Last night, I googled: Do dogs go to heaven? Yes, I wanted a clear answer, based on some facts, that dogs go to heaven, even though I knew logically this was impossible. (Btw, if you decide to do this after your dog dies, it does not bring you comfort because most of the people who write about this subject say that dogs don’t have souls and can’t go to heaven–which made me feel worse. But what do they know?)
I googled that because I wanted confirmation that somehow Chester was still living a peaceful life with other dogs; and he wasn’t gone, completely gone. Because from my life and from my daughter’s, he is completely gone.
I feel like I shouldn’t complain. He was a 10-year-old boxer who lived an amazing life in good health. Once we knew something terrible was wrong, he deteriorated quickly–so we didn’t have to watch him suffer, and we still got to say good-bye. This is the perfect scenario, if there is such a thing as a perfect scenario when having to say good-bye to a pet.
My thoughts turn to all the human suffering. I have a friend with a daughter the same age as mine who is going through cancer treatments. I have received phone calls about three of my greatest friends in life dying in their 30s and 40s–one of brain cancer, one of scleroderma, and one of a gunshot wound. And yet, I am heartbroken about my dog.
I remember when my first boxer died, Charlie, before I had a human child, and I grieved that dog more than I did my own grandma, who I loved and miss dearly to this day. I thought maybe I had lost my mind. I checked out a book on pet grief from the library. I realized since Charlie was with me every day, and I took care of him, it was normal to feel so sad and disconnected. And I decided then that is why we miss our pets so much. They rely on us. They are loyal to us. We are with them every single day and worry about their care. And frankly, they make us better people.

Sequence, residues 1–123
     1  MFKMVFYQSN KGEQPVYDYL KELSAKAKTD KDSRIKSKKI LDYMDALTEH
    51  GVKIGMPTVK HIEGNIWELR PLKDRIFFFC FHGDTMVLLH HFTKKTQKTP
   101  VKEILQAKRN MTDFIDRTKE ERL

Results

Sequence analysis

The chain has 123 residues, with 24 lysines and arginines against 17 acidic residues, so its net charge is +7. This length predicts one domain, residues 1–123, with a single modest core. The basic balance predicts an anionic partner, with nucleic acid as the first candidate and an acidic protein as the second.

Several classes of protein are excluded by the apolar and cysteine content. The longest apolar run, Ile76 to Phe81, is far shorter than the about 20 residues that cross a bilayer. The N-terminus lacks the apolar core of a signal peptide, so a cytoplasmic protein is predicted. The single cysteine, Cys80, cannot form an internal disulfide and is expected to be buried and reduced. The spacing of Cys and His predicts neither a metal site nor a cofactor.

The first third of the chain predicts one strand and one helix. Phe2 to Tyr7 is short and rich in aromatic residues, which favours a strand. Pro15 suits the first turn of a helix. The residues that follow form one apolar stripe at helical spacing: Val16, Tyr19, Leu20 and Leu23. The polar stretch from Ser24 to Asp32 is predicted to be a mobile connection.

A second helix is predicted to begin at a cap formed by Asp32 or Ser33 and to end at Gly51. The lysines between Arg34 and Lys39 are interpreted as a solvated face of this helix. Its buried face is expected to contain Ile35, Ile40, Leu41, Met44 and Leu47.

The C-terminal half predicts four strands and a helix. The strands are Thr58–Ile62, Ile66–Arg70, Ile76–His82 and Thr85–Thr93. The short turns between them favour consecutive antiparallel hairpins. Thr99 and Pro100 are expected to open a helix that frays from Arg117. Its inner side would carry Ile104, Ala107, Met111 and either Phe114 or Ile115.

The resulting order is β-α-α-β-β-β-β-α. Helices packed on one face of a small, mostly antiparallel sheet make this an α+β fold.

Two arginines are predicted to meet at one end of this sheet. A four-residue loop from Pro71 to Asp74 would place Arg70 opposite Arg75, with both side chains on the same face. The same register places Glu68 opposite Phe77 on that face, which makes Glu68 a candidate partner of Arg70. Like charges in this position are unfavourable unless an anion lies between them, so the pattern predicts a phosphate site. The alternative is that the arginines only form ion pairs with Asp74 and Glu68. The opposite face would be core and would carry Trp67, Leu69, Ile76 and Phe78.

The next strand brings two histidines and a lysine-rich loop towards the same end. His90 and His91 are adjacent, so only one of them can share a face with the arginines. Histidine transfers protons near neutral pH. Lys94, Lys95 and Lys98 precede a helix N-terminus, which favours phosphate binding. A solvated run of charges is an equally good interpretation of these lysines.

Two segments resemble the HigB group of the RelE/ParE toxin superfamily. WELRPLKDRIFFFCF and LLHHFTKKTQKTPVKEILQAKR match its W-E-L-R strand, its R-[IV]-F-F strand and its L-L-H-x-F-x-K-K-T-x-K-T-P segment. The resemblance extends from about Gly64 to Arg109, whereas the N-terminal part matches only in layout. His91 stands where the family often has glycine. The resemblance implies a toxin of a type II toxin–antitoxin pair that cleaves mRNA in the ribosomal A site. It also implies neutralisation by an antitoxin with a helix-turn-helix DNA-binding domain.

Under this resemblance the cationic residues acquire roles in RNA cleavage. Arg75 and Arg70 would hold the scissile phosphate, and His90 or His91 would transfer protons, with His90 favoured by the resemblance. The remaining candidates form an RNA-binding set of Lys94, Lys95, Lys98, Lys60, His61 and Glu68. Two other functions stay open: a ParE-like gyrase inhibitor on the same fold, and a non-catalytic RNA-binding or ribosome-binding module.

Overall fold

Chester got me out of the house in the winter to walk him. He gave me someone to talk to when I work from home day in and day out. He taught me about caring for someone besides myself. He taught me kindness and loyalty and unconditional love. Dogs do this–okay, I know cats do, too. But I’m a dog person.
The decision to put him to sleep was excruciating. There was no one in my family, besides me, who was in doubt on whether or not we should do put him down. Chester couldn’t walk. He didn’t want to eat. He was having long and violent seizures. He was unable to control his bladder. The vet told me the day before that the medicine he gave me was a “last ditch effort” and not to save him, but to give him hopefully quality life for a few weeks, which was really just for me and KT.
Then the decision yesterday to get Katie out of school early and take her with me to the vet (along with my good old dad) was also very hard. I questioned whether or not this experience would scar her for life (watching her first dog die from a shot at the vet’s office) or if it would bring her peace, closure, and comfort. But as I’ve done with most hard stuff in her life, I have been open and let her experience it. I’m sure some of you think this is too much, and for some kids, maybe it would be. But she wanted to go and it absolutely was the right decision. Chester actually managed to give her one kiss–on purpose, I think–before he was carried to the car–and she was the only one he did that to. I like to think it was on purpose.
Pet grief is real. If you aren’t a pet person, that’s okay. But please know that what pet owners feel when their pets die is real. Plus there is a struggle, at least for me and I”m sure for others, about how sad we feel mixed with the fact that this was an animal, and we know that other people are dealing with much worse stuff. However, I decided that trying to rationalize away my sadness is not good for anyone–it will take me longer to get over it and probably make me a very grumpy mom for a while. So I’m feeling this devastation as much as I can. I am making myself stay home and work and feel Chester’s absence until I can appreciate the joy he brought us and not the grief of missing him.
RIP, Chester Frazier, March 17, 2009 to April 9, 2019